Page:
The third state is the state of deep sleep. In this state, the
underlying ground of consciousness is undistracted. "[T]he Lord of all
(sarv’-eshvara), the knower of all (sarva-jnya), the inner
controller (antar-yami), the source of all (yonih sarvasya), the
origin and dissolution of created things (prabhav’-apyayau hi
bhutanam)".[web 4] This is the causal body.
In the waking consciousness there is a sense of 'I' (self identity)
and awareness of thoughts. In the sleep/dream state there is no or
little sense of 'I'; however, there are thoughts and the awareness of
thoughts. Waking and dreaming are not true experiences of Absolute
Reality and metaphysical truth, because of their dualistic natures of
subject and object, self and not-self, ego, and non-ego.
Main article: Kashmir Shaivism
Kashmir Shaivism holds the existence of a fifth state called
turyātīta meaning beyond the fourth.
Abhinavagupta mentions this
state in the Tantrāloka (śloka 223b). This state is seen as an
integration of the other four states.
Achintya Bheda Abheda
Dhyana in Buddhism
Two truths doctrine
Acceptance and commitment therapy
^ Nakamura notes that there are contradictions in doctrine between the
^ Nakamura, as cited in Comans 2000 p.98.
^ PT Raju (1985), Structural Depths of Indian Thought, State
University New York Press, ISBN 978-0887061394, pages 32-33;
Quote: "We can see that this story [in Chandogya Upanishad] is an
anticipation of the Mandukya doctrine, (...)"
^ a b Robert Hume,
Chandogya Upanishad - Eighth Prathapaka, Seventh
through Twelfth Khanda, Oxford University Press, pages 268-273
^ Hume, Robert Ernest (1921), The Thirteen Principal Upanishads,
Oxford University Press, p. 392 footnote 11
^ a b c Hume, Robert Ernest (1921), The Thirteen Principal Upanishads,
Oxford University Press, pp. 391–393 External link in
^ Goldberg, Ellen (2002). Ardhanarishvara: The Lord who is Half Woman,
^ Arvind Sharma (2004), Sleep as a State of
Consciousness in Advaita
Vedånta, State University of New York Press, page 3
^ William Indich (2000),
Consciousness in Advaita Vedanta, Motilal
Banarsidass, ISBN 978-8120812512, pages 57-60
^ a b Wilber 2000, p. 132.
^ a b c Arvind Sharma (2004), Sleep as a State of
Advaita Vedånta, State University of New York Press, pages 15-40,
^ King 1995, p. 300 note 140.
^ Sarma 1996, pp. 122, 137.
^ Sarma 1996, pp. 126, 146.
^ Comans 2000, pp. 128-131, 5-8, 30-37.
^ Indich 2000, pp. 106–108;
Bruce M. Sullivan (1997). Historical Dictionary of Hinduism.
Scarecrow. pp. 59–60. ISBN 978-0-8108-3327-2. ;
Bina Gupta (1998). The Disinterested Witness: A Fragment of Advaita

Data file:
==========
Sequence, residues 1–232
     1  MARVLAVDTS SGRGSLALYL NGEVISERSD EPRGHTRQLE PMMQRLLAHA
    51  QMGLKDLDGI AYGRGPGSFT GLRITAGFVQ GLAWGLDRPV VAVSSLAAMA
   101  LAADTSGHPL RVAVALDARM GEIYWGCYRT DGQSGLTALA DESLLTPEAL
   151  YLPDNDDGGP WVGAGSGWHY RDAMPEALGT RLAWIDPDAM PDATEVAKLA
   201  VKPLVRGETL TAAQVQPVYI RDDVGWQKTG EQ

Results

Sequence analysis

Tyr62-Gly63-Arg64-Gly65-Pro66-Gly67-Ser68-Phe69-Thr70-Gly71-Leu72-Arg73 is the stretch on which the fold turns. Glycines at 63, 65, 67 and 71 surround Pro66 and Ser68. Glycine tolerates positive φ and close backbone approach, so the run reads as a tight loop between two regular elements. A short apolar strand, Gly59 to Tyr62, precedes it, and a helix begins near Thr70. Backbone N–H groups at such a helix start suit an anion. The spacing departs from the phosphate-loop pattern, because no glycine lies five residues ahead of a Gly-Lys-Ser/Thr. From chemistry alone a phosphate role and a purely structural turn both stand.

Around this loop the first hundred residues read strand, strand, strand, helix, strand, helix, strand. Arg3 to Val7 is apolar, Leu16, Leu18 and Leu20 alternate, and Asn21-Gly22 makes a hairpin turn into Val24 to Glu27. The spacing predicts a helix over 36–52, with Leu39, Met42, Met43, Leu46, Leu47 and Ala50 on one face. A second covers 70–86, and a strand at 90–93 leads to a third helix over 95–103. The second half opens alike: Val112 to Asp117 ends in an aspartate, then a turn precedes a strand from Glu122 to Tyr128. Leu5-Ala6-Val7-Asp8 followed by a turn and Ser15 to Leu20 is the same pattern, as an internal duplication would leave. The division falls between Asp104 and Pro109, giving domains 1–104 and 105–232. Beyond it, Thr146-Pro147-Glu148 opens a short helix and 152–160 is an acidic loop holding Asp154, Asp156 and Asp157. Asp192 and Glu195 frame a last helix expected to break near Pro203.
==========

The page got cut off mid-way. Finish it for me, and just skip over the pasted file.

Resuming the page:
Vedānta Phenomenology. Northwestern University Press.
pp. 26–30. ISBN 978-0-8101-1565-1.
^ a b PT Raju (1985), Structural Depths of Indian Thought, State
University New York Press, ISBN 978-0887061394, pages 32-33
Patrick Olivelle (1998). Upaniṣads. Oxford University Press.
p. 77. ISBN 978-0-19-283576-5. ;
Sanskrit (Wikisource): प्राणोऽपानो
अष्टाक्षर ह वा एकं
गायत्र्यै पदम् एतदु
हैवास्या एतत् स यावदिदं
प्राणि तावद्ध जयति
योऽस्या एतदेवं पदं वेद
अथास्या एतदेव तुरीयं
दर्शतं पदं परोरजा य एष
तपति यद्वै चतुर्थं
तत्तुरीयम् दर्शतं पदमिति
ददृश इव ह्येष परोरजा इति
सर्वमु ह्येवैष रज
उपर्युपरि तपत्य् एव हैव
श्रिया यशसा तपति योऽस्या
एतदेवं पदं वेद ॥ ३ ॥
^ Indich 2000, pp. 58-67, 106-108.
^ Potter 1981, p. 103.
^ a b c Nakamura 2004, p. 308.
^ Nakamura 2004, p. 285.
^ a b c d Comans 2000, p. 98.
^ Isaeva 1993, p. 54.
^ KN Jayatilleke (2010), Early Buddhist Theory of Knowledge,
ISBN 978-8120806191, pages 246-249, from note 385 onwards;
Steven Collins (1994), Religion and Practical Reason (Editors: Frank
Reynolds, David Tracy), State Univ of New York Press,
ISBN 978-0791422175, page 64; Quote: "Central to Buddhist
soteriology is the doctrine of not-self (Pali: anattā, Sanskrit:
anātman, the opposed doctrine of ātman is central to Brahmanical
thought). Expressed very briefly, this is the [Buddhist] doctrine that
human beings have no soul, no self, no unchanging essence.";
Edward Roer (Translator), Shankara's Introduction, p. 2, at Google
Books, pages 2-4
Katie Javanaud (2013), Is The Buddhist 'No-Self' Doctrine Compatible
With Pursuing Nirvana?,
^ John C. Plott et al (2000), Global History of Philosophy: The Axial
Age, Volume 1, Motilal Banarsidass, ISBN 978-8120801585, page 63,
Quote: "The Buddhist schools reject any Ātman concept. As we have
already observed, this is the basic and ineradicable distinction
between Hinduism and Buddhism".
^ Dupuche, John R. "The Kula Ritual as Elaborated in Chapter 29 of the
^ a b http://bhagavan-ramana.org/ramana_maharshi/books/tw/tw617.html
Ramana Maharshi. States of Consciousness.
^ a b Sri Chinmoy. Summits of God-Life.
^ Arvind Sharma, Sleep as a State of
Consciousness in Advaita
Vedånta. State University of New York Press
^ a b c d advaita.org.uk, ‘Om’ – three states and one reality
(An interpretation of the Mandukya Upanishad)
Comans, Michael (2000). "The Method of Early Advaita Vedānta: A Study
of Gauḍapāda, Śaṅkara, Sureśvara, and Padmapāda". Delhi:
Isaeva, Natalia (1993). Shankara and Indian Philosophy. Albany: State
University of New York Press (SUNY).
ISBN 978-0-7914-1281-7. Some editions spell the author
Nakamura, Hajime (2004), A History of Early Vedanta Philosophy. Part
Two, Delhi: Motilal Banarsidass Publishers Private Limited
Nikhilananda, Swami (1974). Mandukyopanishad with Gaudapada’s Karika
and Sankara’s Commentary. Mysore: Shri Ramakrishna Ashrama.
Potter, Karl. H. (1981), Encyclopedia of Indian Philosophies: Advaita
Vedānta up to Śaṃkara and his pupils, Volume 3, Delhi: Motilal
Banarsidass, ISBN 81-208-0310-8
Shankarananda, Swami (2006). The Yoga of Kashmir Shaivism:
Consciousness Is Everything. Delhi: Motilal Banarsidass Publishers
Sharma, C. (1997). A Critical Survey of Indian Philosophy. Delhi:
Motilal Banarsidass. ISBN 81-208-0365-5.
Wilber, Ken (2000), Integral Psychology, Shambhala Publications
Consciousness, cognition and the cognitive apparatus in the Vedānta